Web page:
Readers, tomorrow is etzbssfkia
Take Our Children to the Park…and Leave Them There Day, our fifth annual celebration of the once very normal, unremarkable activity called KIDS PLAYING WITH OTHER KIDS, without a security detail.
To celebrate, just take or send your children, generally about age 7 and up, to your local park at around 10 a.m., and figure out a time and way for them to get home. Then tell them whatever they need to know, and say goodbye. This is a lovely way for them to get used to:
1 – Coming up with something to do, without a parent, teacher or coach organizing them. (Imagine that!)
2 – Meeting other kids spontaneously. (That’s why I suggest 10 a.m. — so all the kids are there at the same time.)
3 – “Problem-solving” if and when any issues arise, from a skinned knee to uneven teams. When kids work together to make something happen (a game, a fort, a response to something unexpected) it’s the easiest way for friendship to blossom.
4 – Reveling in the sometimes frustrating, sometimes confusing thing called play. And really — that is one of the coolest parts. We are so used to homogenizing and babyproofing our kids’ lives that we forget that an experience can have its ups and DOWNS ( for instance, a spat about whether the ball was in or out, with no adult to adjudicate) and still be great.
5 – Being outside.
6 – Not being supervised, so they have to rise to the occasion.
7 – Creating the kind of memories most likely YOU look back on with incredible fondness.
The fear of creeps, kidnapping, and predators in the bushes may not completely dissipate, even when I remind folks that Ernie Allen, the head of the National Center for Missing and Exploited Children told me himself, “Our message is exactly the one you’re trying to convey. We have been trying to debunk the myth of stranger danger.”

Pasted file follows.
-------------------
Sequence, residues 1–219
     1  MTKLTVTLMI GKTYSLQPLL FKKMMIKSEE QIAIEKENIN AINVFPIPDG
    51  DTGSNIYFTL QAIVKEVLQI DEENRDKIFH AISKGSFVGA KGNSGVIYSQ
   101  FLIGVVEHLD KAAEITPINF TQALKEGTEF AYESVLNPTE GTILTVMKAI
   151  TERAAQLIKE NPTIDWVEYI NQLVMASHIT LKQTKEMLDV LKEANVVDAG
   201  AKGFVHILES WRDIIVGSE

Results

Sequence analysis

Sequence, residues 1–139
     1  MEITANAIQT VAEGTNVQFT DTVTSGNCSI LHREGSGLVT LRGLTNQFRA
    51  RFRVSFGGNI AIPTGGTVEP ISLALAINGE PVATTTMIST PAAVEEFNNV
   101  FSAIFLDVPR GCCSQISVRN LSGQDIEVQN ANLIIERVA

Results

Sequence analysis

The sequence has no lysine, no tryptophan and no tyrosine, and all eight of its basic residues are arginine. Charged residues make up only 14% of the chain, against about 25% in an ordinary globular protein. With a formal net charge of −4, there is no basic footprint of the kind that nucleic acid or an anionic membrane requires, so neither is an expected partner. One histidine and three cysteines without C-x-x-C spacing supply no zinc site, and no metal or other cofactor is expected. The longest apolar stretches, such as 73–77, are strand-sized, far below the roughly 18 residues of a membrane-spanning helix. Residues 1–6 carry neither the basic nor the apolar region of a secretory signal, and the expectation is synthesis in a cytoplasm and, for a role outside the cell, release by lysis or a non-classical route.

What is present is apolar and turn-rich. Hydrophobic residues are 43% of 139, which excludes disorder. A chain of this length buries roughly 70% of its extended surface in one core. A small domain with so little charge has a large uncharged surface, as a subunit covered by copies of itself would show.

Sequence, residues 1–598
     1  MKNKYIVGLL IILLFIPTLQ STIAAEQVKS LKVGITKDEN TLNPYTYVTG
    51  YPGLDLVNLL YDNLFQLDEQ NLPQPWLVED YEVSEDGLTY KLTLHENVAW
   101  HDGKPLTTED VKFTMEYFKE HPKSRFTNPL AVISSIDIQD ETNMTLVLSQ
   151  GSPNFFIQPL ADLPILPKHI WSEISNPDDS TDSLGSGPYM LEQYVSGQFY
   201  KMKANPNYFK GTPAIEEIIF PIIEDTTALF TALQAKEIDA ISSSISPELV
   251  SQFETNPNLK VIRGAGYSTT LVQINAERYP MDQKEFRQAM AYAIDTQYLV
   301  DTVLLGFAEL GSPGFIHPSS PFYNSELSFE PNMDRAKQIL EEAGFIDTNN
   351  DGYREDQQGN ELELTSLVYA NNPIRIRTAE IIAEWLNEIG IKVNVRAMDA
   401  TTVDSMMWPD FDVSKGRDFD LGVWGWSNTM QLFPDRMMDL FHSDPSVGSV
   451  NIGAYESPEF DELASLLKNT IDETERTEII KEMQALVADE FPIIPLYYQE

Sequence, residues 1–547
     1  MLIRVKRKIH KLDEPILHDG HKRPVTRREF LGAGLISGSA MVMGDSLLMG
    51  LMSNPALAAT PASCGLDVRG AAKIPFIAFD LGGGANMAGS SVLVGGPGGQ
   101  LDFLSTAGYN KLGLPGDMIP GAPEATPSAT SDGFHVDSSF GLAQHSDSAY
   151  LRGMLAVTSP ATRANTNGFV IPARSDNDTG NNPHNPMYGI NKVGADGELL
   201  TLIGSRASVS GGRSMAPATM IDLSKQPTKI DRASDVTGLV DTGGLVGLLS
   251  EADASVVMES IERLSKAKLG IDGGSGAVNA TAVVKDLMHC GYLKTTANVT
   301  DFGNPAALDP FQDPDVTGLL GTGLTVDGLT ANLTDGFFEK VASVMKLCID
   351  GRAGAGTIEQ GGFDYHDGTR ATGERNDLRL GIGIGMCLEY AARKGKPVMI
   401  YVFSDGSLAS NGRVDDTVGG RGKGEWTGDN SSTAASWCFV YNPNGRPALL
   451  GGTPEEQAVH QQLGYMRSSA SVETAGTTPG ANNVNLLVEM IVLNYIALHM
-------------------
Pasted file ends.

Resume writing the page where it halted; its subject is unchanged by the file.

The other fear — of good Samaritans dialing 911 because they are incensed to see children playing without adult supervision — is a rare but real fear, too. To that, all I can say is: The rarer it becomes to see kids playing unsupervised, the more common it will be for onlookers (and cops) to consider it untenable.
Compare kids to wildflowers: Two beautiful things that used to surround us outside, drinking in the sun, making us smile. Then we started seeing less of them. In some places, we’ve actually have had to coax wildflowers back to the wilderness by spreading the seeds ourselves. How artificial! And yet, the results are are lovely as ever: Wildflowers back outside!
Now it’s time to do that with our kids.
While in an earlier era, many would have torn out of the house on a Saturday morning to ride their bikes or run to a friend’s, now they wait inside to be taken somewhere. (I know this because mine did too. Even before I was “Free-Range” I felt a little shiver of weirdness when my kids would ask, “Mom, what are we doing today?” As if I was the camp director. Which I sort of was.)
So, to artificially re-seed the wild with our kids, we’ve got tomorrow. With any luck, the joy will take root and on Sunday morning they will go where kids have always gone: Outside. With friends. To play. – L